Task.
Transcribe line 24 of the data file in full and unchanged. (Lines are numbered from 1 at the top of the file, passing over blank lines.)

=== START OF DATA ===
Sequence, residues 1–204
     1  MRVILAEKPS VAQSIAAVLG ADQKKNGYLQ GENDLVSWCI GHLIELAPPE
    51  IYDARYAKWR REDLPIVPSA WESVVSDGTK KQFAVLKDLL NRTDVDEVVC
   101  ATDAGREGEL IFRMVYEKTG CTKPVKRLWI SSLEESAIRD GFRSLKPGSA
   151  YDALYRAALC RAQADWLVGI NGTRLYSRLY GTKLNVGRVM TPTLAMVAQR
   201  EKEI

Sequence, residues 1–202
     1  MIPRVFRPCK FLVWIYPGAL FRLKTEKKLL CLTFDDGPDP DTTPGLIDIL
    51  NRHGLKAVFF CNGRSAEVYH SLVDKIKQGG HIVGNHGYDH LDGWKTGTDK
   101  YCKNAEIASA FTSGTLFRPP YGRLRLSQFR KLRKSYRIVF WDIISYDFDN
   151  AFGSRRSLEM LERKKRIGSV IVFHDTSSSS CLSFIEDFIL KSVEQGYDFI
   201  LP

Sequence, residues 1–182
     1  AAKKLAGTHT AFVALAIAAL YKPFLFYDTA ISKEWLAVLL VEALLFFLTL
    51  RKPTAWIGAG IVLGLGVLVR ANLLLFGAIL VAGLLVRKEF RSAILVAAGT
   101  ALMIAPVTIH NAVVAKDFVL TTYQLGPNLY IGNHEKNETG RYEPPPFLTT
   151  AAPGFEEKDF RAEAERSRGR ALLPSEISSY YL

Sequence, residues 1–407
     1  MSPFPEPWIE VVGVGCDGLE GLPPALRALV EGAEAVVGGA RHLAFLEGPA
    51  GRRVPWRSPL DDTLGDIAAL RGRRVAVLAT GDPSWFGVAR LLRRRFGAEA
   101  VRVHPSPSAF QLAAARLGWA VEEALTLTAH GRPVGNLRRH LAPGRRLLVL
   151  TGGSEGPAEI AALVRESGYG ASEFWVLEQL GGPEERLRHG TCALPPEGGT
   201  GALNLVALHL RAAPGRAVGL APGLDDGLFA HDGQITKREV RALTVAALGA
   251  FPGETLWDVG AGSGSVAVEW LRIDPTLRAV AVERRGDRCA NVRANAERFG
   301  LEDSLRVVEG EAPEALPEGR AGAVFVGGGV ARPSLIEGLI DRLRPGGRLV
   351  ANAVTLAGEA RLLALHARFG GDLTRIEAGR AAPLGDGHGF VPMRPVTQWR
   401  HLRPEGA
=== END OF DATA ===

   251  FPGETLWDVG AGSGSVAVEW LRIDPTLRAV AVERRGDRCA NVRANAERFG